Collections Policies

For general inquiries about any of our collection and loan policies, contact the Registrar’s Office at

To initiate a research or exhibition loan, contact a collection manager in your area of interest, or contact the Registrar’s Office for assistance.

Governing Collections Policies

The General Collection

The management of NHMLAC collections is governed by our Collections Policy.  NHMLAC is accredited by the American Alliance of Museums, and this collections policy serves as a core accreditation document.

The current Collections Policy was approved by the Board of Trustees in 2010. The Collections Policy generally covers our entire permanent collection, including acquisition, deaccession, and use of objects for research, education, and exhibition.

Ancestral Remains

Like many museums, we care for human ancestral remains as part of our collections.  These came into our collections because of our long history of research in anthropology and biology.  As an institution, we recognize the injustice and harm caused by antiquated collecting practices that viewed ancestral remains primarily as objects of study. We recognize the need for museums to treat ancestral remains with respect, to mitigate harm and correct historic injustice when possible, and to respect the rights and authority of descendant peoples to determine the use, storage, and ultimate fate of their ancestors' remains. In 2022, the Board of Trustees approved a separate Ancestral Remains Policy delineating additional restrictions that are necessary to respectfully manage this special and significant part of our collection.  NHMLAC's Ancestral Remains Policy includes concepts, topics, and language that may be offensive or painful to some readers, including information about the contents of the collection and how human ancestral remains were previously used by the museum. Please continue to the policy only if you want to engage more fully with this content.  

Additional information

In addition to our governing policies, the following guidelines will be useful to researchers, practitioners in other related fields, or museum colleagues considering a loan request for research, exhibition, or education or a request for destructive or consumptive sampling.


We will consider loans for research, exhibition, or education, typically to organizations and institutions rather than individuals. Initial loan requests should be made to the collection manager in the relevant collecting department.

Depending on the scale, purpose, and duration of the loan request, we may ask you for additional information, such as environmental conditions at your institution, your proposed analytical and handling methods, or your institution’s security. For this reason, it is best to initiate a loan request or query early.  

We welcome visitors to all our collections and may be able to provide on-site access for objects that we can't loan or ship.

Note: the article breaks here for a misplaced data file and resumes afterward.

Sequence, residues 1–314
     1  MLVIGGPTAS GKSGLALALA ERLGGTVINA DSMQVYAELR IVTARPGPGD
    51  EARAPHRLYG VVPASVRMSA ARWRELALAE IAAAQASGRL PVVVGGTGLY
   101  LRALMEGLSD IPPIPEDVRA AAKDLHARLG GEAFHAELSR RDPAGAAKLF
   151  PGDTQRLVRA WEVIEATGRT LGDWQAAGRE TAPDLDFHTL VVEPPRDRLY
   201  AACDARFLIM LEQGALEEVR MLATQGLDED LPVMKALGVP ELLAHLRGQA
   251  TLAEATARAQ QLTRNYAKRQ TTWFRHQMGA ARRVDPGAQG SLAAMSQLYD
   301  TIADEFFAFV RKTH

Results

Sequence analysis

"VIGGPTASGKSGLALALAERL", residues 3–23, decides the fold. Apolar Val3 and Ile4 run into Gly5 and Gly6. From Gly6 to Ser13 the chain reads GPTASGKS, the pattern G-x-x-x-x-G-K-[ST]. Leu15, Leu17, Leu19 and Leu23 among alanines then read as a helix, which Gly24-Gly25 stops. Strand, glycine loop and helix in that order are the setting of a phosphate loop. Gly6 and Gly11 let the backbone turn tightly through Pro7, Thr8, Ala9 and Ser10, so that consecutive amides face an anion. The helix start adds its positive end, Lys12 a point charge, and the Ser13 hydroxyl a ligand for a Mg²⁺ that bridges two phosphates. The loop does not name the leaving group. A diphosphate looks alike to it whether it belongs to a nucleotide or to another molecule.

Destructive and Consumptive Sampling

We understand that modern research techniques, including genetic, chemical, and microscopic analyses, sometimes require that an object or specimen be subsampled, sectioned, consumed, or destroyed.  These requests require a careful balance of the preservation of our collection against the scholarly potential of the proposed research.  Our objects and specimens are a limited resource, and repeated destructive analysis threaten their long-term use.

We will decline sampling requests if the proposed damage to an object or impact on the collection is too great.

Requests for destructive sampling or analysis should be made to the collection manager of the specific collecting department within the museum.  They will be considered by collection managers and curators depending on the policies for that department.  Details vary by department, but in general the technique you propose must be well-justified and the results must not be obtainable through a less destructive method.

In approving destructive sampling requests, we may require you to agree to conditions about the publication of data resulting from the analysis of our specimens.  Objects in our collection are held in the public trust, and in general we expect data derived from them to be made public in the course of publication or within a reasonable timeframe.  Your loan or sampling agreement will specify all terms and conditions.

Citing our Specimens

If you use our specimens or objects in a scholarly publication, we expect you to cite the specimens/objects and acknowledge us, according to the norms in your field.

These citations are critical to the reproducibility of object-based research.  They also help ensure that NHMLA gets appropriate credit for the work we do to preserve collections and provide access to the scholarly community.

In general, our acronym for citing specimens and objects is LACM (for LA County Museum).  Please do not cite objects with any other acronym, including NHMLA or NHMLAC, unless specifically instructed to do so by a collections manager or registrar.  Our scientific collections are listed under LACM and with their Darwin Core collection identifiers in the Global Registry of Scientific Collections (GRSciColl).

Data and Derivatives

We do not currently have a single policy covering all kinds of data and derivatives.  If you make a request for the loan or use of data, images, 3D scans, or other information derived from our objects and specimens, we will discuss data ownership and any restrictions on use with you before the loan is finalized.  Conditions and restrictions will depend on the kind of object or derivative and the use.  To initiate a request, contact the collection manager in your area of interest.  

In most research loans, if your work includes the generation of new derivatives, including images, scans, and DNA sequences, we expect that those will be added to a freely available repository at the time of publication or after a reasonable period of time.